When a child with autism is alone on the playground - it isn’t enough that other kids refrain from bullying him. Can even one child dare to come close and seek to engage him? And when that doesn’t work, will the child be content to sit near him and just share the same breathing space - because he or she understands that for a person with autism, simply having someone nearby can be enough to foster feelings of acceptance?
My vision is to see a system implemented in our schools in which children learn how to be intentional about building better relationships. We can empower and equip kids to care for their peers in a way that goes way beyond tolerance. No matter what their age, kids can learn skills at a level they can understand. Intentionally building upon these skills throughout their education will not only build a better world for kids with autism - it will build a better world for everyone.
There are experts who have dedicated their lives to helping autistic children and their parents learn to build relationships with each other. There are others who have developed peer-to-peer training sessions for school use. I believe we can take the knowledge from these experts, combine them into a complete program, and teach these skills in our schools so that parents are not the only ones who hold the key to their child’s relationships.
In my 72 hours, if given the resources, I would engage three experts: Dr. Steve Gutstein (Relationship Development Intervention specialist for children with autism), Dr. Gordon Neufeld (expert in attachment and anti-bullying) and Heather McCracken (founder of Friend 2 Friend Learning Society). They have each developed materials that address different components of this problem. However, if these experts came together, I believe a complete, life-changing strategy could be designed and presented to educators.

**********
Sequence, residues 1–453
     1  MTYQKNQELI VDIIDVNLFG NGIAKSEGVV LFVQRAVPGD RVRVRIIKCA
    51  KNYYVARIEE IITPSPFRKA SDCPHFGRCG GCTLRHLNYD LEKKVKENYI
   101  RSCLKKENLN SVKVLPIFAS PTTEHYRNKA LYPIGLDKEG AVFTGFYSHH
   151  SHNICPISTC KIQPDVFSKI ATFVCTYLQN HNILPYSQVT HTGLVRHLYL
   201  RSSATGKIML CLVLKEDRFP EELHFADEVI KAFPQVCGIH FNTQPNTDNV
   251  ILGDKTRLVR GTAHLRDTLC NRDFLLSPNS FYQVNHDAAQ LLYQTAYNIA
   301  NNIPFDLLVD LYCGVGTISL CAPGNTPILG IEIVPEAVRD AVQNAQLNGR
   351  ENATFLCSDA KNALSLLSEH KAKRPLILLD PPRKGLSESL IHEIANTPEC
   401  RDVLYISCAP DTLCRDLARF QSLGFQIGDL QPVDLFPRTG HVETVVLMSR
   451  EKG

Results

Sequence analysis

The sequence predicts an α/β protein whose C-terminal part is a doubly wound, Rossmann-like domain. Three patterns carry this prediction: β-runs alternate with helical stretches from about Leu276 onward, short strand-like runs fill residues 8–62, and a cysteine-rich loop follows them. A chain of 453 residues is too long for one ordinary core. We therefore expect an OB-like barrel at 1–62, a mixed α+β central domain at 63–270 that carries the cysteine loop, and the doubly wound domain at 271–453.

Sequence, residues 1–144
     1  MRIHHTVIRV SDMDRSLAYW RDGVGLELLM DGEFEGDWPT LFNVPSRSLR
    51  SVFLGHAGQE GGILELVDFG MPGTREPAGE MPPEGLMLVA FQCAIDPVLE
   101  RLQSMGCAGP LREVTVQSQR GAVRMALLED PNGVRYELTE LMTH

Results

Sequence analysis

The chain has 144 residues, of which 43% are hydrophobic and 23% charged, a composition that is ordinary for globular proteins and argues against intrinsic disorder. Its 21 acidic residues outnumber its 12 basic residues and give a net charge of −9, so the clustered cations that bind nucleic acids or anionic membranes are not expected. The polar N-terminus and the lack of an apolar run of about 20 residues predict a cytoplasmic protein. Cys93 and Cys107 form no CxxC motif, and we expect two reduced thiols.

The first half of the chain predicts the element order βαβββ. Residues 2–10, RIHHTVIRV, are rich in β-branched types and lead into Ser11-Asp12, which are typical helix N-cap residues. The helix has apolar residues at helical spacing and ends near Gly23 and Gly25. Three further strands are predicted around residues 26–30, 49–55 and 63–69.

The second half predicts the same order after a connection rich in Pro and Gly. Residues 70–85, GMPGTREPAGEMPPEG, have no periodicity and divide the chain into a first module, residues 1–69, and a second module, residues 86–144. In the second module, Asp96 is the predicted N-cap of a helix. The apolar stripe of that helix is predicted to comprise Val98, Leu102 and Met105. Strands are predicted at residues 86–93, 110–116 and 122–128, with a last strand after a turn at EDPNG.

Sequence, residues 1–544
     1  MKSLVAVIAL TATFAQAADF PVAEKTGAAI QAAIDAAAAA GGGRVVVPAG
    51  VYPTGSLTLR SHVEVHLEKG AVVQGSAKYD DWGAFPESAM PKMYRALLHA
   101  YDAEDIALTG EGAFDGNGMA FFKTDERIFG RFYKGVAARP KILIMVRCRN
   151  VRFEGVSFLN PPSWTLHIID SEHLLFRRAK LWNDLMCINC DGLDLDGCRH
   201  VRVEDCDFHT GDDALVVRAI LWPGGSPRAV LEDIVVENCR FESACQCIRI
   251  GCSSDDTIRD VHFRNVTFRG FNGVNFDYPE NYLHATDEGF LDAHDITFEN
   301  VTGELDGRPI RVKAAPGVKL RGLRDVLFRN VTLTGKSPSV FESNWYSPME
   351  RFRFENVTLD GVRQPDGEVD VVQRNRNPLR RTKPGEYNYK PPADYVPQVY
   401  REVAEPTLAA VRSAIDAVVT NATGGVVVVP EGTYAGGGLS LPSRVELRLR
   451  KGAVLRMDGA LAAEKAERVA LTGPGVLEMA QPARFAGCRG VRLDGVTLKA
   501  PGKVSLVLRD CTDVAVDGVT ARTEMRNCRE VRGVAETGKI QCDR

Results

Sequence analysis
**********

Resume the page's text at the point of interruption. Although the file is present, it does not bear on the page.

In 72 hours, I would seek for the four of us to spend a day brainstorming what this plan could entail, and then gather as many educators as possible to cast a vision and ignite a fire: from parents and teachers to University Education Department Heads to U.S. State Educators to the Canadian Minister of Education and all the way to the U.S. Secretary of Education. This fire would move them to action to see a new type of preparation brought into schools. Not for the sake of another program or something "to-do," but for the sake of building a society of people who know how to love selflessly, to prepare them for life together.
With myself as the parent-champion, my son at my side, and Dr. Gutstein, Dr. Neufeld and Mrs. McCracken to speak about the psychological benefits and technical aspects, we could introduce them to a new way to do "tolerance" in the form of attachment and relationship building in peers.
The 72-hour period was filled with a whirlwind of activity. Along with the field experts, Mom and son spoke powerfully to hundreds of people, presenting a radical vision. They shed light on the magnitude of the problem that autistic children and adults everywhere encounter. They also began an awakening of the need to prepare for a world to come. They saw faces light up with passion and high-level educators commit to not letting the dream of a selfless society fade.
As Mom hugged her son for what she knew would be the last time, her heart was not heavy - it was full of hope. Surrounding them were hundreds of outstretched arms which she knew would take her place in helping this little boy for the rest of his life. And as she said her final "I love you," she knew that her life had been well-lived.
In 2004, Kim's son was diagnosed with autism spectrum disorder. She writes to equip others to better understand autism and the families who love the autistic. She enjoys connecting with parents facing the seemingly insurmountable challenges of autism and helping them find joy. She is also a Christian author and speaker. Her first published book is called Radical Love...Forever Changed. You can follow Kim's blog or connect with her at www.SimplyCreativeWriting.com.